Ye olde travel guide: Rio de Janeiro 1820

Visitors to Brazil's fun-loving capital are guaranteed a great time, says Sara Sheridan – as long as they keep their views on the country's growing independence movement to themselves

Illustration by Jonty Clark.

This article was first published in the April 2013 issue of BBC History Magazine

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When to go

This tricky question foxes all travellers to this part of South America. The changeable climate presents a constant challenge. Unrelenting tropical rain can last from Christmas until April and often causes mudslides and flooding. The weather is generally hot and humid although very occasionally there is snow or hail, which emanates from the south.
The safest month to visit is said to be August. But, whatever time of year you decide to go, you’ll find that Rio and its environs sport a plethora of breathtaking botanical treasures that thrive on these troublesome weather conditions.

What to take with you

Brazil is rich in natural resources but manufactured goods (apart from leatherwork) are in shorter supply than might be expected. If you wish to profit from your travels, supplies of salt, fine cloth, pottery or mechanical items (if you
can find them, of course) generally show a good return.
For your own use, it is an excellent idea to bring books as there are few available, especially in the English language. Fans to aid against heat and humidity are a must, as are umbrellas for the rain.
Given the likelihood of a nationalist uprising in the coming months, it would do no harm to bear arms. Do not be alarmed – Rio is generally considered a safe city and this is only a precaution.

Costs and money

Portuguese currency is widely used here. Gold cruzados sport a cross on one side and are worth 400 réis each.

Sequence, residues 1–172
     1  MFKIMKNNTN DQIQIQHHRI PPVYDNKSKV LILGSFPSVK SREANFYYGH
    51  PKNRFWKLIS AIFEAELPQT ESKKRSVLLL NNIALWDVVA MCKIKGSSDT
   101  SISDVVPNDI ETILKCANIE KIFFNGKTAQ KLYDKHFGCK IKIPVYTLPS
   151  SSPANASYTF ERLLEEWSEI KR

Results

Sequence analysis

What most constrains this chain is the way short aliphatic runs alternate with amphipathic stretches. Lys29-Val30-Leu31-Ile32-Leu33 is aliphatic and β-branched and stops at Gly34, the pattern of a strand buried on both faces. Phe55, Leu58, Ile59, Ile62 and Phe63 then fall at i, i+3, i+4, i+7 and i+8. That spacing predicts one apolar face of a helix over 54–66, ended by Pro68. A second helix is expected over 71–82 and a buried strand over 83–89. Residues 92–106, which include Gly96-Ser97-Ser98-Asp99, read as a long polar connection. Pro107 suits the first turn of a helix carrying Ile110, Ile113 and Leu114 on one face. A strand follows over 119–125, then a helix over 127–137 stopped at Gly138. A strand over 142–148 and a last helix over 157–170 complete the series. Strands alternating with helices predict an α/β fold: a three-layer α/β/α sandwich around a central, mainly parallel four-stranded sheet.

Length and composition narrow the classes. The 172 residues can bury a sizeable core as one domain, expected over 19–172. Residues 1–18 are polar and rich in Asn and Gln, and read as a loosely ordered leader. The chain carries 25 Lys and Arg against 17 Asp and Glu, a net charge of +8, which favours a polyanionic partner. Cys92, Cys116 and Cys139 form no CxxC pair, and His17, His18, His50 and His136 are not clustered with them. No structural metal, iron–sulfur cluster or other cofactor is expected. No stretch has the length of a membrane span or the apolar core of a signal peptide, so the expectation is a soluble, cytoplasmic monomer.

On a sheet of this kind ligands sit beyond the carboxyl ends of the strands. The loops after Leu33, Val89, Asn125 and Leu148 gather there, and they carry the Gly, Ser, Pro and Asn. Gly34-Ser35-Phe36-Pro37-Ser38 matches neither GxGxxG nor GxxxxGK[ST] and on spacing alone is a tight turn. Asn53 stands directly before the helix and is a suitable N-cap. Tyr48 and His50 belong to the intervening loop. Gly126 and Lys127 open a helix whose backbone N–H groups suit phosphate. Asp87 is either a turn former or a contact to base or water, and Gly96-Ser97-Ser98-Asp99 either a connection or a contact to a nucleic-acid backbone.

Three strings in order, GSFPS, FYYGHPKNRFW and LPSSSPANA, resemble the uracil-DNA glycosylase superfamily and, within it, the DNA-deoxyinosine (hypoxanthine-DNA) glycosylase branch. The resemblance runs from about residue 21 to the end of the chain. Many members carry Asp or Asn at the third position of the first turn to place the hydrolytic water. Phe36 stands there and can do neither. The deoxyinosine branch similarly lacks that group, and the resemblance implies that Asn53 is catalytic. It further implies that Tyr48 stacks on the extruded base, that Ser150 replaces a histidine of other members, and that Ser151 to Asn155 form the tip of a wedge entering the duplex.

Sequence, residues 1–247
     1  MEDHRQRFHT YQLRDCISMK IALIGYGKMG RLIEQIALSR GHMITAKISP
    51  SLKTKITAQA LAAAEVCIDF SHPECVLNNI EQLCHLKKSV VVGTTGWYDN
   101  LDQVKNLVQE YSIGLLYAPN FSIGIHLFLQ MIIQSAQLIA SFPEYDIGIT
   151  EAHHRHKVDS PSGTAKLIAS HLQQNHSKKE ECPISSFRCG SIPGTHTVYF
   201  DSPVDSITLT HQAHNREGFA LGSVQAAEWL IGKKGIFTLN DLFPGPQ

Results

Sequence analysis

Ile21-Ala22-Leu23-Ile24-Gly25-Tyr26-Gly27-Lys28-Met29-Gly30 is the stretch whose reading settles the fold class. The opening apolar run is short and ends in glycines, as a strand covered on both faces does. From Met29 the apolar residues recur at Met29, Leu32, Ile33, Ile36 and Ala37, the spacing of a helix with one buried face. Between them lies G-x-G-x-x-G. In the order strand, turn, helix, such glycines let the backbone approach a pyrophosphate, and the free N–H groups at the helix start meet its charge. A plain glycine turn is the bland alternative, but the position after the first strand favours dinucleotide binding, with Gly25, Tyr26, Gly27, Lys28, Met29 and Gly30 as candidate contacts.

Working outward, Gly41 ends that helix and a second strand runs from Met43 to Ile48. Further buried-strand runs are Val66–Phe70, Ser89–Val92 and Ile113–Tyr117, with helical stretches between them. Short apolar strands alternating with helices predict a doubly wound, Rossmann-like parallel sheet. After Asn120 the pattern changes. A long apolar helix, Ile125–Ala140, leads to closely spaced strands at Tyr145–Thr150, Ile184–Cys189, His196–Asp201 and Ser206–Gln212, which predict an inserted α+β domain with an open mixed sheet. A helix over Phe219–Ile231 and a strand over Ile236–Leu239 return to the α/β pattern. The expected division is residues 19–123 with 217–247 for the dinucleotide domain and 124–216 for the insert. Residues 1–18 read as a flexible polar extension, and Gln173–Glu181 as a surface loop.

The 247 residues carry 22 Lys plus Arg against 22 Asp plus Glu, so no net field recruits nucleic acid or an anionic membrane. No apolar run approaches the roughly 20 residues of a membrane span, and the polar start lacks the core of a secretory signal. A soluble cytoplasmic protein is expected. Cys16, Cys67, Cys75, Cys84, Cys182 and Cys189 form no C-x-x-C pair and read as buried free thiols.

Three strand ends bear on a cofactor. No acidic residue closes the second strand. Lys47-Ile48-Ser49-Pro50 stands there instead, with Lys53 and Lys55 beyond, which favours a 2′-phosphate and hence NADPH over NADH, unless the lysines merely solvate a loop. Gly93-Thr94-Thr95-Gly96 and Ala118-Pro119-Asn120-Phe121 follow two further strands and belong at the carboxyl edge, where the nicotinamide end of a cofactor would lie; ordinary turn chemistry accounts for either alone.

A working man might make 80 réis a day and this amount is enough for the daily basics although, like everywhere else, particular comforts come at a price.
When spending your money, service is barely civil. Rio’s shopkeepers are more interested in gossiping than seeing to the needs of their customers. It is sad to note the miserable establishments selling slaves, manacled row upon row.

Sights and activities 

Rio is sociable and there is plenty to do and see, although much is still being planned. The presence of the royal court certainly has an impact on life in Rio, and the Brazilian capital enjoys its balls, card games and tea parties.
Palaces, churches and theatres are built in European style (mostly Italianate) but the real beauty is in the surrounding lush environment of gorgeous plants and exotic birds. The city’s botanical gardens, though unfinished, boast a wealth of tropical plants.

Dangers and annoyances

The political situation in Rio is volatile. Many predict a revolution to ‘free’ the country of Portuguese rule and thereby taxes. Political sensitivities are heightened, so beware of discussing politics, especially appearing to favour one side or the other. It has recently been considered anti-Brazilian to buy goods of Portuguese origin – including port.
If you are travelling by sea, beware of pirates. While venturing into the interior, the jungle itself is your greatest enemy – almost everything appears to have teeth.

Sleeping and accommodation

Happily the British community in Rio is particularly welcoming and it is common for visitors to be put up by their countrymen. There is also a good stock of established, well-appointed houses available to rent. If you wish to explore outside the city there are basic inns. These hostelries do not provide food so you must travel with supplies and your own cook.

Food and drink

Hospitality in Rio is generous and the cuisine is, broadly-speaking, Iberian, with shades of the country’s own flavours. For only a few réis you can eat magnificently. Flesh, fowl and fish are plentiful, as are fruits and vegetables. Coffee is popular, particularly when served with sweetmeats (these delicious local specialities can be bought by the pound). Of note is the manioc meal, or farinha, that is made into thin, broad cakes as a delicacy, eaten like bread alongside a meal. The serving classes also eat manioc, but cooked as a porridge.

Getting around

Mules and horses are generally available for hire and are best suited to the hilly landscape in and around Rio. Load-bearers to transport luggage and tend to the animals are cheap. The weather should be your key consideration – beware those mud slides during the rainy season.
Sara Sheridan is the author of historical novels set in 1820–40 as well as a series of 1950s murder mysteries